Sony's range of video marketi... ahem... tutorials

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Oh Sony, you get my hopes up, and then you dash them. Actually, you’ve done more than dash my hopes, you’ve disappointed me. I was so excited by the prospect of the Sony HowTo videos that you released today. People seem to love video tutorials and I really thought that you were on to a winner with your series of four minute shorts to help people get the most out of their cameras. ‘Aha!’ I naively thought, ‘Somewhere I can direct newbies to help them out a bit!’ But I’m hanging my head here.

You see, I don’t want to watch a four minute advertisement for a Sony product. And I can pretty much guarantee that people who already own the product – and are looking to make the most out of it – really don’t need any adverts for it. No, if I watch a four minute video called Learn to shoot in low light, I’m expecting a quick fire session in shutter speed, aperture, ISO, and the benefits of using a tripod. I don’t want to be preached at about the benefits of Sony lenses and sensors and the Auto HDR mode on some its cameras.

Get better results from your digital camera shows me how to shoot large or small resolution images, obviously on a Sony camera. Is that the best that you can manage in four minutes? Really?

There are more, but I can’t face wading through any more Sony adverts.

You’ve missed a trick here, Sony, and made fools of yourselves. Shame on you for calling them tutorial videos. That would be about helping people to become better photographers. These are self-promotional guff. Educate people for education’s sake, not for advertisement. It’ll serve you far, far better in the long run.

ClusterShot closes its doors

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The guys over at ClusterShot – the website that made it easy for people to sell their images, be they of their hamster of the Leaning Tower of Pisa, to anyone that wanted them – have decided to call it a day. In their own words, ClusterShot was an experiment for their company and its business model, and the experiment hasn’t been quite successful enough.

The idea that it should be simple for people to sell their photos at a price they set, and for people to be able to find and buy the images that they want and need is a damn good one. So it’s a shame that it didn’t work out for these guys and the people that used the site.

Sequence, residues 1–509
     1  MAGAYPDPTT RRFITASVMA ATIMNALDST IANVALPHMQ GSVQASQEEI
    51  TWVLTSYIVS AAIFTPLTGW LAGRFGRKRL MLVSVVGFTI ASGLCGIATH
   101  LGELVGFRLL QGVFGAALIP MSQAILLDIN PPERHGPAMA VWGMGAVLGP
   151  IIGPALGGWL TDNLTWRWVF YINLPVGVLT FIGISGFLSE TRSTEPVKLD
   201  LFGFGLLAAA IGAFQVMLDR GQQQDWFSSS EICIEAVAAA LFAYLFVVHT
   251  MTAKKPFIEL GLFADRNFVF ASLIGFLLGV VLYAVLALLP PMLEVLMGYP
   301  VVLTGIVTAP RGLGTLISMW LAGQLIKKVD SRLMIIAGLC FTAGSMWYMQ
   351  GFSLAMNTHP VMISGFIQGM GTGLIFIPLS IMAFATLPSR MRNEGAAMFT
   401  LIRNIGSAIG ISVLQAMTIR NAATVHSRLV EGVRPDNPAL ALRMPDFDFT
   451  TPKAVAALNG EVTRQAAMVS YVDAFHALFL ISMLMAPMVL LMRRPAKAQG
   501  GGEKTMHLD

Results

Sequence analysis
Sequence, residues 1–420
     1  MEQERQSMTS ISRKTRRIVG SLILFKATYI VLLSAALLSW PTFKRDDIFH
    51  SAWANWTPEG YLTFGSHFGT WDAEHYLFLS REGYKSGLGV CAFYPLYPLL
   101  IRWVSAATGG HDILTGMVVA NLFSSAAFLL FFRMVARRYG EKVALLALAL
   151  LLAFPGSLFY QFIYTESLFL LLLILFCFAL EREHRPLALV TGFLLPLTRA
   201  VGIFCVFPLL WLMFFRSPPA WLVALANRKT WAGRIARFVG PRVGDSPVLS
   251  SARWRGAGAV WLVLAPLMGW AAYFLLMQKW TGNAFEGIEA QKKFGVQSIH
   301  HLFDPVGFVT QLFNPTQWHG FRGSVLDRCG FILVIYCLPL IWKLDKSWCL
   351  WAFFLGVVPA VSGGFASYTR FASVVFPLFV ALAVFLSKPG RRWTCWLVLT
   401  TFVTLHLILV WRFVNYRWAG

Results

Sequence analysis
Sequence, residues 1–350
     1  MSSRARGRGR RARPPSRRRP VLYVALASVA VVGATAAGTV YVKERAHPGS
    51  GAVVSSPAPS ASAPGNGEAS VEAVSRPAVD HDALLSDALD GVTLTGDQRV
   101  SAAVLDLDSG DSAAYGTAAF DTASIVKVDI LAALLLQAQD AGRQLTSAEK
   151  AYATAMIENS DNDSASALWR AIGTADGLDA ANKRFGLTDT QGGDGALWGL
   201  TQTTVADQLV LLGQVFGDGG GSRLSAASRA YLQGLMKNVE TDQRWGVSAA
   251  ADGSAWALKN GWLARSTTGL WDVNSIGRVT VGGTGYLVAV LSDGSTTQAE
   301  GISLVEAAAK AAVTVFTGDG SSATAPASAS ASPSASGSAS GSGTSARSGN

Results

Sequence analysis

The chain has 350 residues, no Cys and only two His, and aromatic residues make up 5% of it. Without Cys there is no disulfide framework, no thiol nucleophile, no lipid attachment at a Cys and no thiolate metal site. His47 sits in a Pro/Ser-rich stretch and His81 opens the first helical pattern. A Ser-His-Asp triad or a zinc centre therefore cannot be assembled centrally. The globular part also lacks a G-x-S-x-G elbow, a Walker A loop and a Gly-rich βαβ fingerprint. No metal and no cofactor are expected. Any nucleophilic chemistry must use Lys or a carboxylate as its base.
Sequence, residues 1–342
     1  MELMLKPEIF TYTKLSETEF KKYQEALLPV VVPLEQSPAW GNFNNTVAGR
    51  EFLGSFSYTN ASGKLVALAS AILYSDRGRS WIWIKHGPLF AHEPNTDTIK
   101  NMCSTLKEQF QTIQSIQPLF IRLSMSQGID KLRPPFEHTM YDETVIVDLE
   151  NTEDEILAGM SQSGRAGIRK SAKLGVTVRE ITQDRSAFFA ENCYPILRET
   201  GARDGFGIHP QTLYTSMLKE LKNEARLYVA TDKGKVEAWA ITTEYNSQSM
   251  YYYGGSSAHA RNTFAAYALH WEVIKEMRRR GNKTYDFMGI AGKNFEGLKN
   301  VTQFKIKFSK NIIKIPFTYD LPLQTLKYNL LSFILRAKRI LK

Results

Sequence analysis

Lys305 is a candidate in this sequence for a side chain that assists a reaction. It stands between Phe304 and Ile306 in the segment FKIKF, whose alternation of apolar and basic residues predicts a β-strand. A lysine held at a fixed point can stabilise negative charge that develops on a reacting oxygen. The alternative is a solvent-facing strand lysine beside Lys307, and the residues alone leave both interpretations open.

As of the end of last week, account creation and photo-uploading have been suspended and refunds are being offered on pro-accounts. (Accounts over two months old will receive a pro-rated refund; accounts under two months old will be fully reimbursed.) You can still buy images right up until they turn off the lights and close the door behind them on 21 February, though.

Unless, that is, someone steps forward to buy ClusterShot. silverorange, the brains behind the website, have received quite a bit of interest in the site. So they’re planning on selling it by private auction. The highest bidder gets the whole kit and kaboodle, from the code to the content, to the FaceBook page to the reputation. But they also have to honour ClusterShot’s current terms and conditions and user privacy agreement.

Fancy becoming the proud new owner of a photo-dealing website? All the details of how the auction will work and what exactly is up for grabs are here.

The 10 Second Pre-Shoot Camera Check


I’ve been there many times – half way through a photo shoot you suddenly stop and think. “Oh… no.. I did a photo shoot in the dark yesterday. Please don’t tell me my ISO is still set to 800″… And some times, it turns out that yes, I really am that stupid.

A pre-shoot camera check makes a lot of sense, but what should you check before you run off to do a shoot? Myself, I’ve gotten in the habit of taking a single photo. If the camera shows me the photo afterwards, it means that I’ve remembered to put a memory card in the camera, I’ve got my battery, and there’s a lens attached (No, I don’t forget attaching a lens very often. But, to my gravest of shame, it has happened once that I rocked up at a shoot without a lens. Luckily, I did have one in my camera bag. That could’ve gotten very very embarrassing.)

Anyway, there’s a small list of stuff worth checking before you get all snapper-happy, and my good mate Brian Auer is more than happy to run us through it..

Read the full 10-second camera check over on Epic Edits!